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How Many FICO Scores Are Out There?

November 20, 2012 by  
Filed under Blogs, Credit Score

49 credit scoresYou have undoubtedly heard about the importance of maintaining a good credit score, more exact a good FICO score, the score developed by the Fair Isaac Company to determine the creditworthiness of a potential borrower for lenders. In reality, it’s not just about maintaining a good FICO score, it’s about maintaining good FICO scores (plural). All 49 of them.

Yes, you heard me right, there are actually 49 different FICO scores out there. Not to mention the thousands of personal credit scores created by everyone from the Credit Bureaus to Credit Card Companies to Banks.

FICO has many different types of scores, depending on the type of loan you’re applying for. In fact, John Ulzheimer, a credit expert, has created a great chart showing a total of all 49 different FICO scores.

Why so many?

The Fair Isaac Company (FICO) has the basic formula known as the General Purpose FICO, which is used to calculate a consumer’s creditworthiness for all types of loans. The data which FICO uses to calculate their scores comes from the three major credit reporting agencies (Experian, Equifax, and TransUnion).  FICO uses this raw data to create a single, three-digit score for each credit bureau. This means that there are three versions of the General Purpose FICO score to start.

FICO also has several other credit score formulas customized for the specific types of loans, such as auto loans, mortgages, and credit cards. Each of these is then re-branded and specially customized for each credit bureau. Finally, each formula may have multiple releases and updates, which are used at the lender’s discretion.  And this is how we have 49 FICO scores.

This issue is currently being reviewed by the Consumer Financial Protection Bureau (CFPB), because each year consumers pay millions of dollars for credit scores from various websites but get a generic FICO or other credit scores which may be seemingly useless because the scores may vary by over 100 points.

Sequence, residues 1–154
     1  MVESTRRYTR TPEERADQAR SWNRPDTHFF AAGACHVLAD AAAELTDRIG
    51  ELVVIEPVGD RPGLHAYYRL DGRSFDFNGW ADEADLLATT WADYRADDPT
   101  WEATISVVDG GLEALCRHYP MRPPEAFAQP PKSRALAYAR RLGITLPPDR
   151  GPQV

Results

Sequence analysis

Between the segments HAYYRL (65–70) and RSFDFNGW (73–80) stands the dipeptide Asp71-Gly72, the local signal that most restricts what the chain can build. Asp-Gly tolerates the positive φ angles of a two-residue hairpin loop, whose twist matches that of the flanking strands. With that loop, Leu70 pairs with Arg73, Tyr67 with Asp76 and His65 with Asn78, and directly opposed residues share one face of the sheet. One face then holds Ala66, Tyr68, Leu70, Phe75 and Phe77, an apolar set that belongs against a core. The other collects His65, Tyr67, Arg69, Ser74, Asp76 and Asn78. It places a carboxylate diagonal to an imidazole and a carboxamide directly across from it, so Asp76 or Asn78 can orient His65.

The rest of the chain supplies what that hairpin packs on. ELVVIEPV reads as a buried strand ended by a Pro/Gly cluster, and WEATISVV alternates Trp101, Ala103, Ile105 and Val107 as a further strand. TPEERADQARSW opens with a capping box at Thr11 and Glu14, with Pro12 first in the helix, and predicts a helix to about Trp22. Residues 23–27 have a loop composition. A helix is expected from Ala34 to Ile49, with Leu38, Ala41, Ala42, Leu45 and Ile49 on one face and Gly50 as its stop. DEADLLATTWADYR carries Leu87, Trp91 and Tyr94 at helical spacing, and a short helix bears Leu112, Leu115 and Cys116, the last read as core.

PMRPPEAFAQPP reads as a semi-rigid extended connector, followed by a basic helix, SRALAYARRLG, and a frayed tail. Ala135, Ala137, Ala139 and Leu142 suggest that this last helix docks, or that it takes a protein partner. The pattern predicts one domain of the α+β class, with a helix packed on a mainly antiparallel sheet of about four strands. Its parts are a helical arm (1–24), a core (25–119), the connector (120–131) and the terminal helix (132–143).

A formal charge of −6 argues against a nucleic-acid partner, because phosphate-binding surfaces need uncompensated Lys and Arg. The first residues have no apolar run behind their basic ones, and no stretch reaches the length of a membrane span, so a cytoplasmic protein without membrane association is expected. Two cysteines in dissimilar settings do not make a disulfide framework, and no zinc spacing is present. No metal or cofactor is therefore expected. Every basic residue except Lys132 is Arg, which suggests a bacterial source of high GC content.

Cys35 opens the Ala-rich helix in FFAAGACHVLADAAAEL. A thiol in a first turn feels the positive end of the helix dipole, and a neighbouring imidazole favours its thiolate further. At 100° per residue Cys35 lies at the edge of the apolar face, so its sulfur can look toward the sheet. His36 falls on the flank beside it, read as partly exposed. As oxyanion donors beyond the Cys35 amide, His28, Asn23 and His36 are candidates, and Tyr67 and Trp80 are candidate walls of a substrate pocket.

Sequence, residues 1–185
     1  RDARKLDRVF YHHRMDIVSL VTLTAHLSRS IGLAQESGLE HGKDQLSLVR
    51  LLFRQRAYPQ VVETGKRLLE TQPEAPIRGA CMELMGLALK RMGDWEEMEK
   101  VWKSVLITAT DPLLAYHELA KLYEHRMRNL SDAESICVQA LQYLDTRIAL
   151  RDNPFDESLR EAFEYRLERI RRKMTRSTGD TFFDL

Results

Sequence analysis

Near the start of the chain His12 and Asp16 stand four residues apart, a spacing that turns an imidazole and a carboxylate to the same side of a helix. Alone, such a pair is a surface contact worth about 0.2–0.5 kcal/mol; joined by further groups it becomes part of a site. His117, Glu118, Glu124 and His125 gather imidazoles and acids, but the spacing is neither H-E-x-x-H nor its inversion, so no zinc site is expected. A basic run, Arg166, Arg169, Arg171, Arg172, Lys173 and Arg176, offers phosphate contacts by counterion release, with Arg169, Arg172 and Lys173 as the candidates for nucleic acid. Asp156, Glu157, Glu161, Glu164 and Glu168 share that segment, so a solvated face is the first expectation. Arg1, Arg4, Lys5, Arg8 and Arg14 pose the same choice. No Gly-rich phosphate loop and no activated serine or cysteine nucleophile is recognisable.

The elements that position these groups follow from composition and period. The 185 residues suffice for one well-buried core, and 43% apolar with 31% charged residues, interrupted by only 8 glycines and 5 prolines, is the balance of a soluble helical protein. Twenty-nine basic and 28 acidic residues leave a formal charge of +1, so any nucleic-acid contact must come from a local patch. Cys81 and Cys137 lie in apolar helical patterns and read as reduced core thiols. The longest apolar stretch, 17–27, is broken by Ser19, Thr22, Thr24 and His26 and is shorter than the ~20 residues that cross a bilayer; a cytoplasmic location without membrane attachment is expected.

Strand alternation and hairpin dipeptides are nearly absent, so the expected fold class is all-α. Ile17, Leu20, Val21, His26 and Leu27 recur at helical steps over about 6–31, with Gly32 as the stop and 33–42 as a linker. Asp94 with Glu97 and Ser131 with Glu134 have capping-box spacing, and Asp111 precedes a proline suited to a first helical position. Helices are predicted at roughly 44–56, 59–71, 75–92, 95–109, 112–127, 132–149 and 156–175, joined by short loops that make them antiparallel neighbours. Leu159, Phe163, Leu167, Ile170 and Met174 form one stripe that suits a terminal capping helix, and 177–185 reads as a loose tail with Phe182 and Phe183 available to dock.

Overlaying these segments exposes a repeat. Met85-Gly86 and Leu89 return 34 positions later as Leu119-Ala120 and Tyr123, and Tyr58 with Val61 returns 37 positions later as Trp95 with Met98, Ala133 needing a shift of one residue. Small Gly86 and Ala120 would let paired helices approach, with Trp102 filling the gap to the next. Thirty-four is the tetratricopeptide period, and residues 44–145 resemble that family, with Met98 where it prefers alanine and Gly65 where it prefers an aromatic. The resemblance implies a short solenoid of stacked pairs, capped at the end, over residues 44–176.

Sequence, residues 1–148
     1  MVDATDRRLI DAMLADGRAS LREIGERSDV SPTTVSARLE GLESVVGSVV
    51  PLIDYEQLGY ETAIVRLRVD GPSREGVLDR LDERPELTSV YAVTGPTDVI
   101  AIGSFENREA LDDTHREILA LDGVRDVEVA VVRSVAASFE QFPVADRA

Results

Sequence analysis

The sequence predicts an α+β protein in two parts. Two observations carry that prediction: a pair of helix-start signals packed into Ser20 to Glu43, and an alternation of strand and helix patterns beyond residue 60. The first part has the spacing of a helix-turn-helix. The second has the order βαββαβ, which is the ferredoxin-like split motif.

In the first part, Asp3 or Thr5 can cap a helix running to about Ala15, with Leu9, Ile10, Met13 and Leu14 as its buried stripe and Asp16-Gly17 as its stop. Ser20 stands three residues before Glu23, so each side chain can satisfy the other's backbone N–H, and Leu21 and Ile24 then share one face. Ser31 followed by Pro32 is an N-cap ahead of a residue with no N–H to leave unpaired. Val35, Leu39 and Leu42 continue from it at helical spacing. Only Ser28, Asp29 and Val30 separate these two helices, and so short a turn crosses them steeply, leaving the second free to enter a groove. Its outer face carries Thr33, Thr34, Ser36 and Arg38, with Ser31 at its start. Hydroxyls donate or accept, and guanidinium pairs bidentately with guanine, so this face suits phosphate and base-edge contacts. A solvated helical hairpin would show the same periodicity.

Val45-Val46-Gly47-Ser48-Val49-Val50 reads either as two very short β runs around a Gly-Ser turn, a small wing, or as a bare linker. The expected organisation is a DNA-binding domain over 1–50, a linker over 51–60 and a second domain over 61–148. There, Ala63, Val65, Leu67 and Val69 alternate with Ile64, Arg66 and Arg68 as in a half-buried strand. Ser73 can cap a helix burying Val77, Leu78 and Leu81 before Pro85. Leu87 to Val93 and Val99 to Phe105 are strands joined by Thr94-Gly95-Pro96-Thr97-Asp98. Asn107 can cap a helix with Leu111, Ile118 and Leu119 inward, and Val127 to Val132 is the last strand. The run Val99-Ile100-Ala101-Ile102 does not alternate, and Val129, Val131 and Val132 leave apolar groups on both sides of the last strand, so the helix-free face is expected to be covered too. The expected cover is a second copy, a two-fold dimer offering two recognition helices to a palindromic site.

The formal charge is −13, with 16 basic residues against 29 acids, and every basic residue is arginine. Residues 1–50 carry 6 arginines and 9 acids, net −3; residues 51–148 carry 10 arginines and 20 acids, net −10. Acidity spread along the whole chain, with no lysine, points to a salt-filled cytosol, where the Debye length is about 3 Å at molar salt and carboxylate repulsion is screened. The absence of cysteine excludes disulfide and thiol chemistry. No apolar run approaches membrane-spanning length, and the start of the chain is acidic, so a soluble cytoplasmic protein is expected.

So the next time you check your credit score, take the time to find out exactly what type of credit score it is, and whether or not it of any value.

View The FICO Score Chart

Kids With Credit Reports

May 16, 2012 by  
Filed under Blogs, Identity Theft

 By: Credit.com

Children with Credit HistoryChildren are not supposed to have a credit report in their name, but new studies have found that the number of those who do is growing considerably, which can pose major problems for affected kids.

People under the age of 18 who have a credit report in their name are almost certainly the victims of identity theft, and this is a large and growing problem nationwide, according to a report from the Columbus Dispatch. Some studies have found that large amounts of kids have been a0ffected by identity theft, in which the crooks open large amounts of credit in their name and steal tens of thousands of dollars or more, and leave their young victims to carry the blame.

Often, this type of crime is carried out when a thief gains access to a kid’s Social Security number, the report said. Sometimes this can happen as a result of data breaches at hospitals or schools, and other times, their relatives may steal their identity. These youngsters are usually targeted because they will have no credit history and, since parents wouldn’t normally even think to make sure their son or daughter has a credit report in their name, the crime is unlikely to be discovered for a long time.

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“These kids’ Social Security numbers are particularly valuable to thieves because they can go years without detection,” Bo Holland, chief executive of AllClearID, told the newspaper. “Because of privacy restrictions, the credit bureaus can’t share with parents what they find in their (child’s) files. So they don’t know who is using the Social number or what accounts were opened.”

The most common way a child who has been victimized by this type of crime discovers the problem is when they turn 18—sometimes even older—and apply for a line of credit, the report said. To their dismay, they may learn that they’re saddled with significant debts, such as those for auto loans, credit cards and sometimes even mortgages, that have gone long periods of time without payment.

One thing parents who are concerned about this type of crime can do is contact the credit reporting agencies and ask them to put a freeze on their kids’ credit until they turn 18 and are capable of obtaining some types of loans on their own.

Source: Credit.com (http://s.tt/1bMPx)